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Posts tagged "employment law"

Can Forcing an Employee to Use Technology Violate Their Religious Freedom?

In 2012, Consolidation Coal Company installed an attendance tracking system for payroll purposes at a mine in West Virginia. The system was a biometric hand scanner that creates and stores electronic information about an individual's hand geometry for purposes of future identification. Mr. Butcher, an evangelical Christian, who had worked at the mine for thirty-five (35) years, stated that his religious beliefs prohibited him from submitting to the scanning and requested a religious accommodation. Mr. Butcher gave his manager a letter explaining his beliefs about the relationship between hand scanning technology and the Mark of the Beast. As discussed in the Book of Revelation, the Bible describes, "a beast that has authority on earth during end times and forces all people, to receive a mark on their right hands or on their foreheads." (Rev. 13:16-17). Some Christians believe that technology will be used to implement the mark. Mr. Butcher proposed that the mine allow him to continue submitting his time and attendance manually as he had previously done, or that he be permitted to clock in and out with his supervisor.

Are Forum Selection Clauses Enforceable?

Our office has received a number of calls from employees of Colorado companies who are currently working overseas. Their employment, and litigating legal issues arising in their employment, raises interesting questions of venue, jurisdiction, and conflict of law. For example, an employee may live in New Jersey and work in Afghanistan for a company based in Colorado. These cases present a conflict of laws question because it is unclear which state, or even which countries', laws should apply to the employment dispute. Similarly, some employment agreements contain a forum selection clause that requires the employee to bring a lawsuit in a different state or even a different country than where the individual resides.

Are Public Employees Who Are Accused of Sexual Harassment Entitled to a Hearing?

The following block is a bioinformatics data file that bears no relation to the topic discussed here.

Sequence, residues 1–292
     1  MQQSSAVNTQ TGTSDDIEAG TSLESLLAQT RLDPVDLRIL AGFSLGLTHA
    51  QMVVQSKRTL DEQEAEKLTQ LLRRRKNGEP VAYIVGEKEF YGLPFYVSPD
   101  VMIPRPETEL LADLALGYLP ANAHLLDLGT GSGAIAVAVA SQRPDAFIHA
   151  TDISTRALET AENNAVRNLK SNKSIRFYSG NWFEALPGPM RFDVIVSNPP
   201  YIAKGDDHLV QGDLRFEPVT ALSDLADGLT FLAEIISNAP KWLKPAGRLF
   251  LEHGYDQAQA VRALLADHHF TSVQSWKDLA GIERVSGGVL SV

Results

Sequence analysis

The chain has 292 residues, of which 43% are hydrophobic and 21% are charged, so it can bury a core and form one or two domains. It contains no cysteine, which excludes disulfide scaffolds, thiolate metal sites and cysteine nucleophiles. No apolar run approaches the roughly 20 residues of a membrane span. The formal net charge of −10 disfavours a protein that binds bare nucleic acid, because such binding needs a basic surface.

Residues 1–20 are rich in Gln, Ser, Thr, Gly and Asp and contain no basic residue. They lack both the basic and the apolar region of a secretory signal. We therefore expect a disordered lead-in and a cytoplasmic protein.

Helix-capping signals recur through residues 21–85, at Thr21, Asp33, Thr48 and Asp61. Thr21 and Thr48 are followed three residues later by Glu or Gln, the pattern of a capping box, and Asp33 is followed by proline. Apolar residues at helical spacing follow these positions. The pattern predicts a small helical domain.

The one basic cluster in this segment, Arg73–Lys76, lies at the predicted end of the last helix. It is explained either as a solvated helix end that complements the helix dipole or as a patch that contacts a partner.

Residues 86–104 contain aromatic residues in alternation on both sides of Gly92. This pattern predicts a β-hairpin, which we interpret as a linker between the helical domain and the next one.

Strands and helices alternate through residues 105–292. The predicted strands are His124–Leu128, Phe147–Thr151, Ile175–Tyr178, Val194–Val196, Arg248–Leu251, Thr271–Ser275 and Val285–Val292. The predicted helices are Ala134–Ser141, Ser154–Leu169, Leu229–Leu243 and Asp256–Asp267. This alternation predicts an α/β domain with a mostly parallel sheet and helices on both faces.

In 2011, Denver's newly elected Mayor, Michael Hancock, asked Mr. McDonald to work for the City of Denver. Mayor Hancock orally promised Mr. McDonald employment for the duration of his term or terms of office. Mr. McDonald accepted and began working for the City on July 18, 2011, as Executive Advisor to the Mayor, Special Projects Manager. On March 8, 2012, Mr. McDonald was reassigned to work in the Department of Excise and Licenses as Executive Advisor to the Mayor, Manager of External Affairs. Ms. Wise was employed by the City of Denver as a police officer. Shortly after Mayor Hancock was elected, Ms. Wise began to serve on his security detail. Mr. McDonald interacted with Ms. Wise when he traveled with Mayor Hancock around Denver. Between September 2011 and March 2012, Ms. Wise telephoned Mr. McDonald on his personal cell phone at least forty-one (41) times, before and after work hours and occasionally recorded their calls. The pair exchanged Christmas gifts, attended church together, and Ms. Wise met Mr. McDonald's family. The last time they spoke was on March 14, 2012. On May 18, 2012, Mr. McDonald was informed that Ms. Wise had filed sexual harassment charges against him. On May 21, 2012, Mr. McDonald was informed that he could either resign or be fired due to Ms. Wise's allegations. Mr. McDonald requested an investigation and opportunity to defend himself against the accusations. Mr. McDonald's request was denied; he was not provided a hearing and the City fired him on the spot.

Employer Liability for Employee Acts Against Co-Workers